Employment Law – Error in Law By Tribunal – Number of Hours Worked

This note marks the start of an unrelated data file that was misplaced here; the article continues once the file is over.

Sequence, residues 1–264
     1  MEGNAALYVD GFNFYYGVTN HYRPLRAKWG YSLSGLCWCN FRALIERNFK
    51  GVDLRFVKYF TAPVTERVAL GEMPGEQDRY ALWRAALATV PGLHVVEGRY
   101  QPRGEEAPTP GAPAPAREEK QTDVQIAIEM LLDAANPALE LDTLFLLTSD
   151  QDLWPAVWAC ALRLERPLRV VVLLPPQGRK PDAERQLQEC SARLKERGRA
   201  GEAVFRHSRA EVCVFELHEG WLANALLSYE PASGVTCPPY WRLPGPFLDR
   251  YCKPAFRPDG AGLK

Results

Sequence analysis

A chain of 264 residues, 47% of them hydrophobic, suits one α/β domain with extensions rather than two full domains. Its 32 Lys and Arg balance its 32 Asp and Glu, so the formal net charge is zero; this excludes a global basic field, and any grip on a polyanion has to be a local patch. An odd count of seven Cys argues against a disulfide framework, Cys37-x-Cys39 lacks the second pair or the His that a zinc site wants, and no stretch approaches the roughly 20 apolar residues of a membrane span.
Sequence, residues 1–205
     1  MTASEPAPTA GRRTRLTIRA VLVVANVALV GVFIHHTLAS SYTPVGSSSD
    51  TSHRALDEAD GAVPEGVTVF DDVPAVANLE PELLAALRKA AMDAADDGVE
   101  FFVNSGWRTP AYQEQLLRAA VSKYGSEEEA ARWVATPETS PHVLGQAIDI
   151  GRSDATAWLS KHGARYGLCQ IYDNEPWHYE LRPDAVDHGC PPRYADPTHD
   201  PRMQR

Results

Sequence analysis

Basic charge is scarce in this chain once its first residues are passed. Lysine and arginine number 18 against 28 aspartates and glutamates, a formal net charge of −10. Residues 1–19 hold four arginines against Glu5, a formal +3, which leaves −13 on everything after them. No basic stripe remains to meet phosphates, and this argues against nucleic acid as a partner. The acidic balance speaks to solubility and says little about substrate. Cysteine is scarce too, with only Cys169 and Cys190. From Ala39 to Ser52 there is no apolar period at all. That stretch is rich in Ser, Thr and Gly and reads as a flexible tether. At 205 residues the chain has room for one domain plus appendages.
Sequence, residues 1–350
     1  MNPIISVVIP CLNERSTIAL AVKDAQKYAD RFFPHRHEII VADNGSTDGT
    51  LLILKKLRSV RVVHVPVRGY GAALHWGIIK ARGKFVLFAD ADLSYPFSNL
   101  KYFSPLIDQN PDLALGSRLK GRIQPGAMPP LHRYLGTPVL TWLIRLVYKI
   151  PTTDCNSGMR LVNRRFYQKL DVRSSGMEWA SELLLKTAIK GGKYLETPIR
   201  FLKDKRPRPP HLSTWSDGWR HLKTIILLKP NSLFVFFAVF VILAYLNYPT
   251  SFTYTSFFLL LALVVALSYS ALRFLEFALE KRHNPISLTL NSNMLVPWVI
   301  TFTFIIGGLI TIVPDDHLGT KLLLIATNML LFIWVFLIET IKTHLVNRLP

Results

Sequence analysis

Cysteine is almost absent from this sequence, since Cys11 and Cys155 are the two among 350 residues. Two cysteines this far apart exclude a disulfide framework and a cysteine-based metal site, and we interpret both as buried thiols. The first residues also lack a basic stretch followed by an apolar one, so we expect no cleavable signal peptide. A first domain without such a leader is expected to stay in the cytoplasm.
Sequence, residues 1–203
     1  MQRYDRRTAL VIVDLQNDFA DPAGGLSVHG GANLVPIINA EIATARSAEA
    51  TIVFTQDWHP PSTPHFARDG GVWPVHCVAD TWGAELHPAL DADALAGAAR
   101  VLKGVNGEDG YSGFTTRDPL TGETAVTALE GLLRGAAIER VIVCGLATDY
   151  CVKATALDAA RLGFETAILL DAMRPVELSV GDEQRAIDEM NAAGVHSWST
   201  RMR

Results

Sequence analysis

The case of McLean v Rainbow Homeloans Ltd [2006], involved an employee who was employed as a mortgage advisor. He had commenced employment on 14 April 2004, and had had his employment terminated on 1 April 2005.The employee asserted that during the period of his employment, he had regularly worked for between 55 and 60 hours per week. He claimed that the employer had then asked him to work at the weekends, in addition to the hours that he had been working already. The employee refused that request, at which point on 23 March 2005, he received a letter from his employer which he interpreted as giving notice that his employment was to be terminated.The employee brought proceedings before the employment tribunal. The tribunal held that it had no jurisdiction to hear the employee’s claim. It cited the reason for this decision being that the employee had not claimed that he had been dismissed for attempting to assert a statutory right under the Working Time Regulations 1998 SI 1998/1833 (“the Regulations”). The tribunal said that in those circumstances, his claim for unfair dismissal could proceed no further on the basis that he had not accrued the requisite qualifying period of service under s.108(1) of the Employment Rights Act 1996 (“the Act”).The employee appealed to the Employment Appeals Tribunal (EAT). The employee submitted that the tribunal had erred in finding that it had no jurisdiction to hear his claim. He argued that:– It was wrong to prevent his claim from continuing on the ground that he had not alleged that he had been dismissed for attempting to assert a statutory right.- the tribunal had failed to have regard to the provisions of s.101(A) and s.108(3)(dd) of the Act. Those provisions dis-applied the statutory continuous service requirements in respect of an unfair dismissal claim where it had been alleged that an employee had been dismissed for refusing to adhere to an employer’s requirement that would have contravened the Regulations.- this applied to his case due to the fact that he had been asked to work many more hours than he should have been.The appeal was allowed. In this case, it was held that the tribunal had erred in law by directing itself that it had no jurisdiction to hear the claim on the ground that the employee had not alleged that his dismissal had been a consequence of his attempt to assert a statutory right. The EAT said that it was plain from the terms of the Act that the tribunal had jurisdiction to hear the employee’s claim on the basis that he had alleged that his dismissal had been a consequence of him having refused to accept the employer’s request to work hours in contravention of the Regulations.It was decided that the employee’s claim would be remitted to the tribunal for re-consideration.If you require further information please contact us at [email protected] or Visit http://www.rtcoopers.com/practice_employment.php¬© RT COOPERS, 2007. This Briefing Note does not provide a comprehensive or complete statement of the law relating to the issues discussed nor does it constitute legal advice. It is intended only to highlight general issues. Specialist legal advice should always be sought in relation to particular circumstances.

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